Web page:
A big extended family smiles for the camera representing setting boundaries with parents

Takeaways: Boundaries are essential in every healthy relationship, but setting boundaries with parents can feel especially tough. Learning how to set boundaries with family takes the stress out of get togethers, creates less guilt and more autonomy and freedom, and it can even improve the quality of the relationship you have with your parents or your in-laws. Read on to learn how to set (and maintain) boundaries with parents and bring your family relationships back into balance.

Why Does Setting Boundaries With Parents Feel So Difficult?

Do you experience uncomfortable tension around the family dinner table when gathering for holidays, or special occasions with your loved ones? Some of this tension may be a result of a breach of personal boundaries.  It’s not uncommon for families to have blurred boundary lines. Often due to a level of familiarity and comfort, we may find what lines we do have in place are frequently crossed – especially when it comes to our parents and in-laws. Why is this?

Setting good boundaries can often feel uncomfortable when the relationship is as delicate as a parent/child relationship. Even though you may now be an adult (married with children, managing your own affairs, and pursuing paths in life relatively foreign to that of your parents), your parents may still see you as their “child” in the sense of being inexperienced, unknowing, or naive to matters of the world. 

As a relationship coach and individual therapist, I work with my clients around setting boundaries quite frequently to help with their personal growth. Many of my clients have already put in the work to excel personally and professionally with boundaries in their workplace, friendships, and romantic relationships. When it comes to parents though, it’s a whole other ballgame! If you’re feeling this way too, welcome to the club! Whether you are navigating dysfunctional family roles or you just feel uncomfortable bringing up your own boundaries, one of the first things you can do is think about whether you’ve had that difficult conversation to establish the boundaries you need for a healthy relationship with your parents.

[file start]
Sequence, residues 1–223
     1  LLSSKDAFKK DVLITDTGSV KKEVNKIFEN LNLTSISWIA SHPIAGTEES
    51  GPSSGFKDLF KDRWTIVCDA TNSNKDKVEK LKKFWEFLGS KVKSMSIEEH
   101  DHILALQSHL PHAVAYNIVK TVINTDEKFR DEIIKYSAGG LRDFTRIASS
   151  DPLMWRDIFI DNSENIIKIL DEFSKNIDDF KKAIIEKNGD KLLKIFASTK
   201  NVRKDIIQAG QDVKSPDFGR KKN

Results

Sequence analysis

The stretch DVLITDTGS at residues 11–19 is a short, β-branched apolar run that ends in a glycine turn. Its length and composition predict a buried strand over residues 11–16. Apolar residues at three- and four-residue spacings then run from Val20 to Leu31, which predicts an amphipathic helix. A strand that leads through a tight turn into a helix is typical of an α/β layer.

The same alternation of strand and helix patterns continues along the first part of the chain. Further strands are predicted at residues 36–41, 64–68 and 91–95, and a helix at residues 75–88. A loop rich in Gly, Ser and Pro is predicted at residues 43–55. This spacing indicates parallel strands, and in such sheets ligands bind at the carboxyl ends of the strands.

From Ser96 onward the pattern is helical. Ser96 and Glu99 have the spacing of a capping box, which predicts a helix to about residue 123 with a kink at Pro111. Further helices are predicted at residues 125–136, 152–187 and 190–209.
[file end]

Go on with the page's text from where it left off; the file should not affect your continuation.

Boundaries, similar to limits, are incredibly important to set early in relationships. We set them with our employers when we sign our employment contract, we establish them with our friends to maintain a healthy social/work/life balance, and we create them within our romantic relationships to protect ourselves and our partner. However, when it comes to our parents, these boundaries are set later in life as we become adults. As a result, this transition can often feel uncomfortable and confusing to navigate. 

Since we all have limitations, it’s essential to know your limitations so that others cannot take advantage of them. When it comes to limits, we are only in control of ourselves. The first step in setting boundaries is to remember that we can only change our own actions and perspectives, but we can’t change others. Secondly, we must understand that the act of setting boundaries can be uncomfortable for both parties. However uncomfortable it may be, it is an important part of becoming emotionally healthy.

I want to stress that this is a common experience, and you’re not alone in this struggle. Today I want to share with you some useful ways that you can begin to acknowledge where boundaries are needed in your parental relationships and tips for getting started in creating them and keeping them. 

Why Do We Need Boundaries Anyway?